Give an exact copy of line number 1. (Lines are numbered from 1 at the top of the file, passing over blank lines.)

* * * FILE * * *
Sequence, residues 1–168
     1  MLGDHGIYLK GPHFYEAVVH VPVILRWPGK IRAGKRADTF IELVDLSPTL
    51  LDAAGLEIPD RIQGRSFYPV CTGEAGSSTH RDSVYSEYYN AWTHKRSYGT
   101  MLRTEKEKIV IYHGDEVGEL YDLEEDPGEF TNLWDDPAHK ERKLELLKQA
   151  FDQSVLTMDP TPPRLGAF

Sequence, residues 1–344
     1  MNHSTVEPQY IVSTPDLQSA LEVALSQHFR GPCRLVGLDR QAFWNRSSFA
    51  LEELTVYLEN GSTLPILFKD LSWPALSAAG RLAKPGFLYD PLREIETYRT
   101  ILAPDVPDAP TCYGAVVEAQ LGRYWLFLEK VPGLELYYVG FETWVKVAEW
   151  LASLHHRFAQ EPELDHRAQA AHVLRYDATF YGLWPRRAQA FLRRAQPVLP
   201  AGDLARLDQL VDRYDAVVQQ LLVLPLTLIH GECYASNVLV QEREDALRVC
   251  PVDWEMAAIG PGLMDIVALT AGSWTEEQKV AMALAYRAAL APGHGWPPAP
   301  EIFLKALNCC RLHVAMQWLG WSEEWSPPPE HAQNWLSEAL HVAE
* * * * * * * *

Sequence, residues 1–168